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Sunday, September 30, 2012

Quest for Love

An appropriate segue back from the 1930s to 1971 is Quest for Love (Q4L), a story about the world more-or-less stuck in the 30s. This humble british production was based on a short story by John Wyndham (who wrote Village of the Damned, and Day of the Triffids). Q4L stars Joan Colins. The story has a bit of science to support the fiction, but the story is largely a love story. The premise is not time travel, which had been done with some frequency. Instead, it's parallel universes.

Quick Plot Synopsis
Colin Trafford is a physicist with Imperial Physical Industries in London. He begins a demonstration of their Random Particle Generator. It goes awry and he is stunned unconscious. He wakes at the foot of some stairs in a posh London club. By a protracted set of scenes, Colin learns that he has become, or assumed, the life of another Colin Trafford. This one was a novelist, playwright, and a bounder. He finds that he has a reputation for being a drunk, hothead and womanizer. His old school friend Tom is in the parallel timeline too, but still has his arm. Since there was no war, he never lost it. Colin finds the famous physicist Sir Henry and explains what happened. Sir Henry believes him, but there's no tangible proof. The alternate timeline diverged in 1938, WWII didn't happen. JFK didn't die, but becomes the head of the League of Nations (which did not dissolve). London cars and fashions are more-or-less frozen in 1930s styles. Colin also discovers that he as a wife named Ottilie (Joan Colins). She loathes him (the other him) and wants a divorce. He's totally enrapt with her and slowly coaxes her into giving him a chance to show that he's not the Colin Trafford she knew. (which he isn't) She likes his new, polite manners, but it is the lack of a scar on his shoulder which convinces her that he's telling the truth. (Bad Colin got hurt at Oxford, but good Colin went to Cambridge and never got hurt.) They get intimate and are the happy couple. Tom is angry and protective of Ottilie, She's dying of a heart condition. Doctors in the alternate timeline don't know how to fix it, but Colin remembers that in his timeline there is an operation. Sure enough, she dies in his arms. Shortly afterward, he wakes in his 1971. After a bit of disorientation and no one believing him, he tries to "go back" by using the Random Particle Generator again late at night. He only succeeds in knocking himself out. Tom suggests finding Ottille in this timeline instead. This proves difficult, but Colin finally traces her to be a Tracy Fisher (her parents died in the war in his timeline, and she was adopted). Tracy is a stewardess for Pan Am and acting weak and sick. Colin races to find her before she can die again. He finds her while on a layover in London and saves the day. She recovers from the operation. He brings her white roses (her favorite in the other timeline). Zoom in on their hands touching. Tender music ramps up. The End.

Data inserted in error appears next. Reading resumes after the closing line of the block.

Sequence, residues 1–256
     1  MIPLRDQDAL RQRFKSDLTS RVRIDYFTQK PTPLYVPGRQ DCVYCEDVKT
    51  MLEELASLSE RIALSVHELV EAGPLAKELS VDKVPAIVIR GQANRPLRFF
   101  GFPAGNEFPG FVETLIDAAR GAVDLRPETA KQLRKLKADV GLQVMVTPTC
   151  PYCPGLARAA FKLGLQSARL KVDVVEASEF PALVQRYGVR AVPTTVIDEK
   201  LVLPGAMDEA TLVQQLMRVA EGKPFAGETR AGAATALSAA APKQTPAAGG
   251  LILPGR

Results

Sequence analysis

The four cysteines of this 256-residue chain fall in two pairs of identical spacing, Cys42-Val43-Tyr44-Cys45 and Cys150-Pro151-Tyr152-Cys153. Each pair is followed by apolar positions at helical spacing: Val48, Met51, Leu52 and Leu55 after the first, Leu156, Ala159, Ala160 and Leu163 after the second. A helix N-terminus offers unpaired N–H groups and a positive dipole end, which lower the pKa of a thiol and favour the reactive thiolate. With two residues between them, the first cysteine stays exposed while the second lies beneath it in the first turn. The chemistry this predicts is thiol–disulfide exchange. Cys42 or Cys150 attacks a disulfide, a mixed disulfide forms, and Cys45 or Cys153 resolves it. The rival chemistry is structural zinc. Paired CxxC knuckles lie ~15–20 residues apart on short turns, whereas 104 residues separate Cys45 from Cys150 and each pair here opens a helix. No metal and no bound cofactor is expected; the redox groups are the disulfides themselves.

Why is this movie fun?
Sci-fi and romance are not a common mix, so Q4L is a rare example. Joan Colins plays her role with more fragile tenderness than was typical of her later reputation. The parallel universe theme was fairly new and fresh, compared to time travel.

Cultural Connection
For many, the essence of sci-fi is that it explores some aspect of the human condition -- usually via some science-derived (or contrived) circumstance. This was the case in the very early sci-fi story, Mary Shelley's Franenstein, which was thin on the science, and long exploring humanity. Q4L is similarly thin on science and long on exploring humanity. The creditably of the science was never the intent.